Report: Revenue Recognition Implementation Delays Could Stall IPOs
The majority of private companies contemplating initial public offerings (IPO) are not prepared to for FASB’s sweeping revenue standard, according to Deloitte & Touche LLP. The audit firm surveyed 3,000 firms considering IPOs in 2018 and found that only 8% were ready to implement the revenue standard, which goes into effect in 2018 for public companies. Privately held businesses have an extra year to adopt the new accounting guidance, but companies contemplating an IPO in 2018 should be ready to meet the public company deadline, said Heather Gates, national managing director for Deloitte’s emerging growth company practice. “As you’re being marketed to shareholders, they’re really comparing you to your peer group,” Gates said.
Amending Interest Rate Risk Disclosure Guidance Dropped from Agenda
FASB’s controversial proposal to require banks to disclose new information about risks from interest rate fluctuations is officially dead. The board agreed, by a 6-to-1 vote, to remove it from its research agenda as it staked out its future standards-setting priorities. FASB member Marc Siegel cast the dissenting vote, saying that investors found information about exposure to interest rate fluctuations key to their analyses, especially at times when interest rates are volatile. Some information is available in the MD&A section of quarterly and annual filings and registration statements, he noted, but the information is based on how a business manages its risk. Some analysts and investors might see the project’s termination as coming at a sensitive time, given that interest rates have remained at historic lows for an extended period as central banks around the world shored up the markets that were damaged during the 2008 financial crisis. If rates do climb, the footnote disclosures about interest rate risk could help analysts evaluate the effect of rate increases on banks’ financial performance.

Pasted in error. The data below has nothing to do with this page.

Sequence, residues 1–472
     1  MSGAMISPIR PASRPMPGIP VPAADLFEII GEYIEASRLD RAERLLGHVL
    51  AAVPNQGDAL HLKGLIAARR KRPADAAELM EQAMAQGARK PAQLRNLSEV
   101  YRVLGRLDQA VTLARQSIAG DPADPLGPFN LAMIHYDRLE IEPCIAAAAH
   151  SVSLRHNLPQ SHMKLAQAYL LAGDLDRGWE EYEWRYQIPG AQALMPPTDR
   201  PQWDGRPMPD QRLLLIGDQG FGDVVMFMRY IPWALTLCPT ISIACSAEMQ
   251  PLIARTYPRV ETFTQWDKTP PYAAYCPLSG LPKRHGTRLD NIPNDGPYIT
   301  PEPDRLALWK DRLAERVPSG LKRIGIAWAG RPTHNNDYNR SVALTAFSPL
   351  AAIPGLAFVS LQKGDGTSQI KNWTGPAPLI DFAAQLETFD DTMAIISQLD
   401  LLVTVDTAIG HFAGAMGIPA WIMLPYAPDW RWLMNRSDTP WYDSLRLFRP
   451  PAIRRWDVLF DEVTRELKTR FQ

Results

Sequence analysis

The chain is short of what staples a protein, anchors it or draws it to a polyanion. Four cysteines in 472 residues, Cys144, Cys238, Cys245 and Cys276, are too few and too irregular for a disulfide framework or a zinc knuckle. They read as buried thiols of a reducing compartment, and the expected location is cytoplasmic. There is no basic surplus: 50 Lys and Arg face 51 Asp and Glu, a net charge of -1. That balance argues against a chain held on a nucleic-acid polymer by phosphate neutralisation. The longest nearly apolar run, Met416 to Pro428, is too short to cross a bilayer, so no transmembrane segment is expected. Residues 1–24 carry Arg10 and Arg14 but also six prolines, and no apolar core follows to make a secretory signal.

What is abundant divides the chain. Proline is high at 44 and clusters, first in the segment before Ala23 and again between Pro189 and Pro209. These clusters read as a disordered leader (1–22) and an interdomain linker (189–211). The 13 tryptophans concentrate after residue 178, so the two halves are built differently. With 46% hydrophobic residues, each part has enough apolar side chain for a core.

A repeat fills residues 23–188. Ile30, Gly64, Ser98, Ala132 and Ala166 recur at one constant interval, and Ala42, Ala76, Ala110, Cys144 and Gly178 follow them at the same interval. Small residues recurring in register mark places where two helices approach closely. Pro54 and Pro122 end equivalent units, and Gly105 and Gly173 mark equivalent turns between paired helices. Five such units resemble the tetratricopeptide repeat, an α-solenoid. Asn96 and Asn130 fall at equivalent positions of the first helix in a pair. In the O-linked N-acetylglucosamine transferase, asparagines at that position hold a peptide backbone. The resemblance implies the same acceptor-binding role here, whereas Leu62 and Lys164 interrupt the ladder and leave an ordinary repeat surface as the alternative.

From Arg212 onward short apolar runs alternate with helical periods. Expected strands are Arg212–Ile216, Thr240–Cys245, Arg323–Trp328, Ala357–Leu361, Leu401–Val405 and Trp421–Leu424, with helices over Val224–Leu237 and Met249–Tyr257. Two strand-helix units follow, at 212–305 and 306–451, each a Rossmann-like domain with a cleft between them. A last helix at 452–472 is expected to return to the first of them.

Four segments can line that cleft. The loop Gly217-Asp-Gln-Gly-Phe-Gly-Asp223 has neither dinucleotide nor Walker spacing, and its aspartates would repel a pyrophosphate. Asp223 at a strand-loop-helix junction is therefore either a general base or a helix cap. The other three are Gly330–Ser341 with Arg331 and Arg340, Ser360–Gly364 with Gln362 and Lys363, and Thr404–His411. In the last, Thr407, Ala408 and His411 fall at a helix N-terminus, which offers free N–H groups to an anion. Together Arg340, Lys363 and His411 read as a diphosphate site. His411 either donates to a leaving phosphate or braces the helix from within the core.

Auditors Request Clarification of Proposed Accounting Estimate Standard
In their comment letters to the PCAOB, accounting firms asked the board to clarify proposed changes to audit guidance for examining accounting estimates prior to the issuance of the final standard. The PCAOB has proposed replacing three standards with a single standard and aligning the audit requirements for accounting estimates with its risk assessment standards. “We are concerned that including bias as an explicit objective in any final standard could imply that the auditor is required to point to specific evidence to support the conclusion that the objective was met,” one firm wrote. “In our view, management bias is an important consideration for the auditor when performing his or her risk assessment and in executing procedures to evaluate whether the estimate is reasonably stated and free of material misstatement. Management bias is a key input to the design and performance of the auditor’s procedures, but in and of itself should not be a specific objective.”